What do you think of when you think of the Amazon rainforest? Do you think of the colorful birds and slinky leopards and anacondas? (Like from the 1997 classic, Anaconda, of course.) Do you think about Brazilian President Jair Bolsonaro gunning to burn it down? What about its people?
Mainstream media dictated the image I had of the Amazon and the communities it houses. These images tend to promote an exoticized, colonial perception of Indigenous groups in the Amazon. It also gives the impression that the people are disappearing. Yes, consistent threats are encroaching on their environment and their communities. But in no way are the people of the Amazon simply vanishing.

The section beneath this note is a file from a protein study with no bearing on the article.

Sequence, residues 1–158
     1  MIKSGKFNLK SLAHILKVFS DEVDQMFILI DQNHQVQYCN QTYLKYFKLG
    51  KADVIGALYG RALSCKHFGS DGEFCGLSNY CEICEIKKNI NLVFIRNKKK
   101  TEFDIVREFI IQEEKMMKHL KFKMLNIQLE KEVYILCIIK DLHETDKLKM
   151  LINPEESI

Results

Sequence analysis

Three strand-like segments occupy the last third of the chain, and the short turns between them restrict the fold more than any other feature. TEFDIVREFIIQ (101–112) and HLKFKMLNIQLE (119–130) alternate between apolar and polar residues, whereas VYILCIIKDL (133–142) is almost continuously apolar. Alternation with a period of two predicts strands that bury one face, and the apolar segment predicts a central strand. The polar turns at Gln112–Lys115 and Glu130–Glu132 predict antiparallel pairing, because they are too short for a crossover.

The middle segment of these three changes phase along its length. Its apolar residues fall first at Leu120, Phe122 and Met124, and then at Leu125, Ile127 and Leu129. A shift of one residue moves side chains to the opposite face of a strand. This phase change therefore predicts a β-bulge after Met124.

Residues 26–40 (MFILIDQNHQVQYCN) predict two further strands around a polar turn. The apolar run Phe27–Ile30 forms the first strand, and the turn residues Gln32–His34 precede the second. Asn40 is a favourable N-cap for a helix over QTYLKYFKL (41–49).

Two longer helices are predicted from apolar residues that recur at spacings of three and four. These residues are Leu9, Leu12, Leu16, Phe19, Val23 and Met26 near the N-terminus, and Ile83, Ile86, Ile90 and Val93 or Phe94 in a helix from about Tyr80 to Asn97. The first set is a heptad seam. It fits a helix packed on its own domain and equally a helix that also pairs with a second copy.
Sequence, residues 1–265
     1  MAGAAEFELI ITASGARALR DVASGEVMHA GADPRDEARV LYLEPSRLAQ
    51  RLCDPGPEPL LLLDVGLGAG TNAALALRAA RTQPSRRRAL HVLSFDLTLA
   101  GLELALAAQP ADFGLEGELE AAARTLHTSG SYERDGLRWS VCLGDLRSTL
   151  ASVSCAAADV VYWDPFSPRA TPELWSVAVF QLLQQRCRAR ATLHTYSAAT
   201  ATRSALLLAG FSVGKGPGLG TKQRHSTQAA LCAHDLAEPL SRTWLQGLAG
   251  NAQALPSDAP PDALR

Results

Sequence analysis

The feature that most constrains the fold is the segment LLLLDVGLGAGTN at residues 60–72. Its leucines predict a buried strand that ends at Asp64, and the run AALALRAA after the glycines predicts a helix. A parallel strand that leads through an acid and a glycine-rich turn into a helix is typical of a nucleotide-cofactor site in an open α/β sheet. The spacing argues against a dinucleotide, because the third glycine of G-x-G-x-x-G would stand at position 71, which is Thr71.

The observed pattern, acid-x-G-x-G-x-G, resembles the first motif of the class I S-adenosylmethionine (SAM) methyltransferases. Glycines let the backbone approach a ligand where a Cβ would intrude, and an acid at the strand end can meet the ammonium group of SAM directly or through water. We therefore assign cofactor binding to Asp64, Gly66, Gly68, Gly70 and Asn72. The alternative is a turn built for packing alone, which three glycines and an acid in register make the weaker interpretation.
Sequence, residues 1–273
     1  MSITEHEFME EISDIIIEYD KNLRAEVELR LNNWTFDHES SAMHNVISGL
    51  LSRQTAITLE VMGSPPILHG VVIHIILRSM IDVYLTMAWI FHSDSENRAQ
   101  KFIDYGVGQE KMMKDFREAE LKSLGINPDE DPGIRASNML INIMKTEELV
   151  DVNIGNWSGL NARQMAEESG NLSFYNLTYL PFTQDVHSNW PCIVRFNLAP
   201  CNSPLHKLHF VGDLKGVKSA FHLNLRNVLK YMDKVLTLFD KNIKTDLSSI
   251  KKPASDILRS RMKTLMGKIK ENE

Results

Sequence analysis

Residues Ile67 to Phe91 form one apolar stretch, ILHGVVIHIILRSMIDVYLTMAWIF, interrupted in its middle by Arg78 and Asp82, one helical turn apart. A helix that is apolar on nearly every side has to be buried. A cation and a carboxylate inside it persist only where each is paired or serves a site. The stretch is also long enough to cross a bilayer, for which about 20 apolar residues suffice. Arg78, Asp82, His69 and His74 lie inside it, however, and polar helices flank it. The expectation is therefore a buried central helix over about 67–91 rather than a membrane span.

Defensores de la Selva is a project by young Uruguayan photojournalist, Pablo Albarenga. It portrays the "concerns, projects, dreams, and emotions of young people on the ground with a message that is close, with a human face; a message of struggle, emotion, and hope."
And that it does. This independent journalism allows us in the West to understand those from the Southern hemisphere through their choice of expression. A form of journalism we are not often exposed to.
Explore Albarenga's compelling photos and poignant stories here: